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Five things to do at LSC's Avatar: The Exhibition

Discover the technology behind the film at "Avatar: The Exhibition," opening on Saturday, February 16, at Liberty Science Center.

  • Courtesy Liberty Science Center

    "Avatar: The Exhibition" Liberty Science Center

  • Courtesy Liberty Science Center

    "Avatar: The Exhibition" at Liberty Science Center

    "Avatar: The Exhibition" at Liberty Science Center

  • Courtesy Liberty Science Center

    "Avatar: The Exhibition" at Liberty Science Center

    "Avatar: The Exhibition" at Liberty Science Center

  • Courtesy Liberty Science Center

    "Avatar: The Exhibition" at Liberty Science Center

    "Avatar: The Exhibition" at Liberty Science Center

  • Courtesy Liberty Science Center

    "Avatar: The Exhibition" at Liberty Science Center

    "Avatar: The Exhibition" at Liberty Science Center

  • "Avatar: The Exhibition" at Liberty Science Center

    "Avatar: The Exhibition" at Liberty Science Center

    "Avatar: The Exhibition" at Liberty Science Center

  • Courtesy Liberty Science Center

    "Avatar: The Exhibition" at Liberty Science Center

    "Avatar: The Exhibition" at Liberty Science Center

  • Courtesy Liberty Science Center

    "Avatar: The Exhibition" at Liberty Science Center

    "Avatar: The Exhibition" at Liberty Science Center

Courtesy Liberty Science Center

"Avatar: The Exhibition" Liberty Science Center


Few kid-friendly movies have made a cinematic splash quite like 2009’s Avatar, so it's no surprise that Liberty Science Center jumped on the chance to reveal the film's inner workings to movie-loving museumgoers. Directed by James Cameron, the blockbuster utilized many groundbreaking visual effects and showcased as yet untapped potential of computer animation. "Avatar: The Exhibition," making its East Coast debut at Liberty Science Center on February 16, invites families to learn about computer animation technology, go behind-the-scenes of the movie and even pretend they’re a Na’vi alien. (Bonus: The film itself will screen on Feb 16, 17, 18, 19, 20, 22 and 23 at 5pm. Combination exhibit and film tickets are available.) The state-of-the-art new exhibition is jam-packed with little-known facts and interactive games for families to play. Here are five of our favorites.

Take a walk in a Na’vi’s shoes
The inhabitants of Cameron’s fictitious utopia Pandora, known as the Na’vi, are so tall they’d make Shaq look tiny. Avatar buffs can measure their own height against an image of a ten-foot tall Na’vi and slide their feet into a massive pair of Na’vi sneakers while you snap a photo.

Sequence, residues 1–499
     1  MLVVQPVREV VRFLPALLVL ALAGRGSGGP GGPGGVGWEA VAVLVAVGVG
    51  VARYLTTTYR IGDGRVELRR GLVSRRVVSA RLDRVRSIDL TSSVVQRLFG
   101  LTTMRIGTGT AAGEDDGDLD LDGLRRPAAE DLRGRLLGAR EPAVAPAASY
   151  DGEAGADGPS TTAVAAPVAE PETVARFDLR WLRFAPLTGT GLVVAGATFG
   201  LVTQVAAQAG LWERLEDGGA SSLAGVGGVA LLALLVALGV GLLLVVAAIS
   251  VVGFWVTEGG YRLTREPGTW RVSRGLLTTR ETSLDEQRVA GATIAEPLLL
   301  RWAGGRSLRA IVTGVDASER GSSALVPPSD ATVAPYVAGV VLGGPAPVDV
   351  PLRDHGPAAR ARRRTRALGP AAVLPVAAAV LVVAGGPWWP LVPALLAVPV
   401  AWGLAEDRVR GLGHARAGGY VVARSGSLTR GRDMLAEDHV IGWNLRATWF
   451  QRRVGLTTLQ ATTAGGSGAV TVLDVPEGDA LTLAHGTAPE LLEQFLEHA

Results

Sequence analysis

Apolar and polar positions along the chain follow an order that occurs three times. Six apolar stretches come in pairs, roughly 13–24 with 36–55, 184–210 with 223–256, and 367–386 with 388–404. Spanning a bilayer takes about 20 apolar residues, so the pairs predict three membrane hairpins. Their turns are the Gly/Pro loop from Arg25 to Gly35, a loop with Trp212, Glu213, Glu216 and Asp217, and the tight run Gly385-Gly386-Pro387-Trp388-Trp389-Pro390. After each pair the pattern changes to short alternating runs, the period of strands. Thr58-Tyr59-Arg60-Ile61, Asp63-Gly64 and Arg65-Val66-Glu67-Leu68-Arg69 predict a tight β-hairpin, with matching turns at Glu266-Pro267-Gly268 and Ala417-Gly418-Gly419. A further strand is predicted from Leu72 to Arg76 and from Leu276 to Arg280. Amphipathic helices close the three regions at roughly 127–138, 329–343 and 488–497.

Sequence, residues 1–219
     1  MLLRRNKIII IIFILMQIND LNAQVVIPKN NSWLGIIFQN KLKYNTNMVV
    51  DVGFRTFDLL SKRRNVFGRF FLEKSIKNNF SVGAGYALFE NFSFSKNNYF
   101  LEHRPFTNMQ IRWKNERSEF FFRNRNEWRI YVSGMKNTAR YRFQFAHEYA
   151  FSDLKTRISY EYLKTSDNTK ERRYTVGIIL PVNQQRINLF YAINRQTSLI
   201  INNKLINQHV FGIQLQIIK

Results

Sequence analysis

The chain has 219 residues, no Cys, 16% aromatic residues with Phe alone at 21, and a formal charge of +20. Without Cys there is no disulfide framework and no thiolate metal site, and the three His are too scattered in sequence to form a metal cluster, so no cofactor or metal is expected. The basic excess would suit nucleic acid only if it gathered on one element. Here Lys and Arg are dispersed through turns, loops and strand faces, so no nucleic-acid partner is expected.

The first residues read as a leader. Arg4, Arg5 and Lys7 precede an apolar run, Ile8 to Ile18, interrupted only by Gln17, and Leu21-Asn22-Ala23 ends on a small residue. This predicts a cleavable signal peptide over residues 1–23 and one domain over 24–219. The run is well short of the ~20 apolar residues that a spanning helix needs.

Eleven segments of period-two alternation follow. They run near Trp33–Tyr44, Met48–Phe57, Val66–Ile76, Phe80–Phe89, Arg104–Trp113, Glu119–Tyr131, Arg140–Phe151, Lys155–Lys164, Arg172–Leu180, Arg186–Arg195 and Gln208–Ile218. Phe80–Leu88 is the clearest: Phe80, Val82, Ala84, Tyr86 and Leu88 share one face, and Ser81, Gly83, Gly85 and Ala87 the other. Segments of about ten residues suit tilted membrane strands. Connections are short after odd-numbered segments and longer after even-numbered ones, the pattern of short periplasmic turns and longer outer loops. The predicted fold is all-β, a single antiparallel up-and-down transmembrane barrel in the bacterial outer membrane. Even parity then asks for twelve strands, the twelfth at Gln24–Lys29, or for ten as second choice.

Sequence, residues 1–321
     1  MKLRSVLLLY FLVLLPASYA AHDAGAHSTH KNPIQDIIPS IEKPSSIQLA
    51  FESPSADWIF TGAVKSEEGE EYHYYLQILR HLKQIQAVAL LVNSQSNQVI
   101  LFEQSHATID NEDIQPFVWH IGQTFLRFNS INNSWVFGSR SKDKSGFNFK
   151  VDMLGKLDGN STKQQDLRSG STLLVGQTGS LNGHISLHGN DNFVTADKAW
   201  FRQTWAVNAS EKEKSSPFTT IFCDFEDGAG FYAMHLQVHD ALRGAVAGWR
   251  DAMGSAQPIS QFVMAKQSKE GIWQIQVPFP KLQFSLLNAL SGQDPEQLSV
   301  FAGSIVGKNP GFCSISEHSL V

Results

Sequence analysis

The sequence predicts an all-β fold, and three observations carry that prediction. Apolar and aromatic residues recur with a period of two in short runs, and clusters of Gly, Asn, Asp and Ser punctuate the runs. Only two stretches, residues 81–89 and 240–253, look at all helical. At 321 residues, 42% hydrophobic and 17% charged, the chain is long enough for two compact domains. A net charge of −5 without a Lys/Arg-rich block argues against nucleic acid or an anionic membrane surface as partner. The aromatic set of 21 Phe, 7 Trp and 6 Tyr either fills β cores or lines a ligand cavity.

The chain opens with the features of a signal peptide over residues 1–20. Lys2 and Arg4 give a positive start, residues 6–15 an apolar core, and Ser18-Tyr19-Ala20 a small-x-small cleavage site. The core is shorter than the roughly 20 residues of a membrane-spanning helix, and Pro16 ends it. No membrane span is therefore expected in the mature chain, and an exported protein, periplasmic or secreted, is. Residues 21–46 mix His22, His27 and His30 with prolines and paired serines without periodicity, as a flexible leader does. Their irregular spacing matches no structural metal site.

Learn about bioluminescence with an interactive game
Much of Cameron’s inspiration for the film came from real-life animals (can you make out the shape of a lion’s face in the Na’vi?), and one of his main influences was deep-water bioluminescent fish. After reading up on the creatures, kids can step up to the multiplayer tabletop game and pretend they are one of these glowing fish. A touch screen allows players to move their fish around, as they try to capture smaller fish with their bioluminescence. Be careful not to stay lit too long, though, or a bigger sea monster may eat you!

Explore Jake Sully’s spacecraft
Little fans can step into a re-creation of the spaceship the humans use to explore Pandora. As they wander through the metallic walls, kids can check out props from the movie, design an indigenous Pandora plant just like the graphic artists did and gain insight into the design process. A long touch-screen table in the corner of the spaceship is equipped with pucks describing aspects of the film; when a puck is placed on the screen, images pertaining to that subject pop up, allowing children to read up on whatever interests them.

See what it’s like to use a virtual camera
Future filmmakers can discover what it’s like to use a camera just like the one James Cameron used. Virtual cameras allow the user to see both the real-time events (the human actors) in front of them and the computer-animated aspects of the shot (Pandora) all at once. Kids hold a small, movable screen displaying a scene from Avatar and try to follow the Na’vi onscreen as they move around the imaginary “set.” When the game is over, kids can compare their movie edits to Cameron’s.

Become a character in the movie
In the game Interactive Performance Capture, budding actors can see what it’s like to be in a computer-animated movie. Taking on the persona of one of the Na’vi, young visitors follow a path on the floor while motion sensors capture their movements; special cameras then transplant them into a scene from Avatar. An added bonus? You can e-mail the final video to yourself to brag about your big-screen debut to family and friends.

"Avatar: The Exhibition" on view at Liberty Science Center through May 19.


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